Site Map
Voting News
Contact Us
About Us

is NOT!
associated with

Election officials backtrack to identify voting machine glitch

By BRYAN CORBIN Evansville Courier & Press November 19, 2004

Today, election officials will try to duplicate the computer malfunction that locked up the screens of some electronic voting machines on Election Day.

The experiment is part of a larger process to diagnose causes of long lines at Vanderburgh County polling places that resulted in a flurry of voter complaints.  
County Clerk Marsha Abell estimates approximately 150 mailed-in absentee ballots were not counted because of handling errors, either by voters or by a temporary Election Office employee who was terminated. The postelection review, ordered by the Vanderburgh County Commissioners, continues today in the county election office in Evansville's Civic Center.

Officials are looking for any discrepancy between the number of people who signed in to vote at certain precincts Nov. 2 and the number of votes actually cast. "We are going to try to pull 14 precincts and hand-count the number of ballots the machine (had recorded as) cast in that precinct. We are going to compare that to the poll book and see how accurate we are," Abell said. Vanderburgh County paid $2.9 million for the touch-screen voting system. On a day of high voter turnout, 532 of the company's iVotronic touch-screen voting machines were in use. Poll workers at some precincts complained that computer screens locked up, halting the voting process, at least temporarily.

The voting machines' manufacturer, Nebraska-based Election Systems & Software or ES&S, is conducting a self-review. ES&S project manager Gary Olson on Thursday downloaded the electronic votes still in the memory of individual iVotronic machines, to compare to vote totals downloaded from all machines after polls closed. Overseeing the laborious process with Olson were Tammy Barnett, the Democratic Party's representative, and Tom Massey, the Republican representative.

As they worked their way through 532 touch-screen units, Olson compiled a printout that listed the times at which votes were cast on each machine. By late Thursday afternoon, the printout was more than 1,200 pages thick. All the data collected will be presented on CD to the county for further analysis.

After a vote is cast, the iVotronic machine is supposed to automatically reset and a pollworker is to activate it for the next voter by ing a cartridge called a Personal Electronic Ballot.

Olson theorized that some pollworkers may have ed the cartridge too quickly, before the machine had reset from the previous voter, causing the program to malfunction and the screen to freeze. Olson and Abell will test that hypothesis on one machine at 9 a.m. today in the Election Office, and videotape their experiment.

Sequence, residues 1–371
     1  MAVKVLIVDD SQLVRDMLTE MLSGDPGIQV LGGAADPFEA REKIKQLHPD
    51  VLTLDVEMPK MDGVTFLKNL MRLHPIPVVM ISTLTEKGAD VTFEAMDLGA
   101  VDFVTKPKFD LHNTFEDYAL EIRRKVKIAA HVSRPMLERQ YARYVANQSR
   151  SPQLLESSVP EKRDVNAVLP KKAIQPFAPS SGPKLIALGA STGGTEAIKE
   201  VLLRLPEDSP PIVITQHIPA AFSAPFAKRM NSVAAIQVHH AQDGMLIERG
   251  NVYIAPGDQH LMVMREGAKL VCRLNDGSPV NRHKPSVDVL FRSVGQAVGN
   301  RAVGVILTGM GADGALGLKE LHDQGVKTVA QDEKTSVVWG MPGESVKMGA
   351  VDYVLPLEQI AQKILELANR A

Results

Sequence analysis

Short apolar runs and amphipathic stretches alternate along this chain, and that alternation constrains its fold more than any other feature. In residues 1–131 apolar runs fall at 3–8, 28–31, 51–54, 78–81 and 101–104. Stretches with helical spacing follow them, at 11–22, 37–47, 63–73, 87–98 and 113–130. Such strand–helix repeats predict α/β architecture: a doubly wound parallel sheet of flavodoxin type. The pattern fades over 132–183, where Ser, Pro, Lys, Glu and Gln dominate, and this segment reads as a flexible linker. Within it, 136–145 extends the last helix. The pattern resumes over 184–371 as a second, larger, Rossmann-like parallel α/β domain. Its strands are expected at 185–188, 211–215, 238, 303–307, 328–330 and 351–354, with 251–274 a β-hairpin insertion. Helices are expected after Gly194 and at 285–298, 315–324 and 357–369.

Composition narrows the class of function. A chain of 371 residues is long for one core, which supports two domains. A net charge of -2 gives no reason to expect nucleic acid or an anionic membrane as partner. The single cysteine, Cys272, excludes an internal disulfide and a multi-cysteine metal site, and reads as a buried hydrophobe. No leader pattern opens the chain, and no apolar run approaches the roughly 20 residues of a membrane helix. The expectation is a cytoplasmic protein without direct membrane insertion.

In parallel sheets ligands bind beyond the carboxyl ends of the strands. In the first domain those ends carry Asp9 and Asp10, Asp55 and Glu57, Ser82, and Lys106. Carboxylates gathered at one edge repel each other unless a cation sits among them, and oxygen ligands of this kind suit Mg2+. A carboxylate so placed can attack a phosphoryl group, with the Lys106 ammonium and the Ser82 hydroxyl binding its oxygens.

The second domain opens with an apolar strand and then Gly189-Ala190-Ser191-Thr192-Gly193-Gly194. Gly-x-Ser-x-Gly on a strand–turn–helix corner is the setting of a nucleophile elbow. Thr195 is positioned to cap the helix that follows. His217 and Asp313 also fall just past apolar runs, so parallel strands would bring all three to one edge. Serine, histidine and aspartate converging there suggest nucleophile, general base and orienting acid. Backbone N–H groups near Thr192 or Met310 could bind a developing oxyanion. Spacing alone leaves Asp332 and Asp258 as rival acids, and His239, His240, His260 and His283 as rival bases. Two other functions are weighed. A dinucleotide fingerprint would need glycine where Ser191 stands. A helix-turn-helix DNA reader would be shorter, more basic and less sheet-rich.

Meanwhile, eight election office employees worked nearby Thursday, hand-counting approximately 72,000 names of voters who signed poll books upon entering the precincts on Election Day.

The idea is to compare that total to the number of electronic ballots counted. "In a perfect world, they would all match up; we know they will not," Abell said. The difference, Abell believes, will be voters who tired of waiting in line and left polling places without voting.

Abell confirmed, however, that an unknown number of mail-in absentee ballots (she estimated about 150) could not be counted because of technical violations involving missing signatures or initials, which the law requires to deter fraud.

In some cases, voters mailing back ballots forgot to sign the outer envelopes as required. In others, mail-in absentee ballots were not counted because they lacked the necessary two sets of initials, one each from a Republican and Democratic election worker.

Abell said that a Democratic election clerk, a temporary employee hired to work for 30 days leading up to the election, caused the snafu. The employee initialed absentee ballots but did not obtain the initials of her Republican counterpart before mailing them out to voters. The employee was terminated, Abell said.

Though ES&S's self-review is concluding today, the Vanderburgh County Commissioners voted to support a request to pay $37,500 to a Denver company to conduct an independent audit of the election. That company, SysTest Labs, originally certified ES&S's iVotronic machines. Abell opposes such an audit.

Previous Page

Election Problem Log image
2004 to 2009


Accessibility Issues
Accessibility Issues

Cost Comparisons
Cost Comparisons

Flyers & Handouts

VotersUnite News Exclusives

Search by

Copyright © 2004-2010 VotersUnite!